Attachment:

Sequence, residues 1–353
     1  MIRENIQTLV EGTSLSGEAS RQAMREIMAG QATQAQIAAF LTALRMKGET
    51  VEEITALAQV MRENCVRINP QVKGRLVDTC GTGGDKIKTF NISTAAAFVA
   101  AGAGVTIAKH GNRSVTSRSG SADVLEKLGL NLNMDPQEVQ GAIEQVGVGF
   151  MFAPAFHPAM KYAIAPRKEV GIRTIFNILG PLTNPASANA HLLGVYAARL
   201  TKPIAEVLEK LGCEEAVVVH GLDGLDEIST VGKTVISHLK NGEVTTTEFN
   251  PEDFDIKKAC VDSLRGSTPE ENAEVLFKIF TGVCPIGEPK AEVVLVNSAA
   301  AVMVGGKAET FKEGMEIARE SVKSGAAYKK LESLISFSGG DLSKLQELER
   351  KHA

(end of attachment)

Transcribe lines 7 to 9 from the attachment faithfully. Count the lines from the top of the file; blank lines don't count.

   251  PEDFDIKKAC VDSLRGSTPE ENAEVLFKIF TGVCPIGEPK AEVVLVNSAA
   301  AVMVGGKAET FKEGMEIARE SVKSGAAYKK LESLISFSGG DLSKLQELER
   351  KHA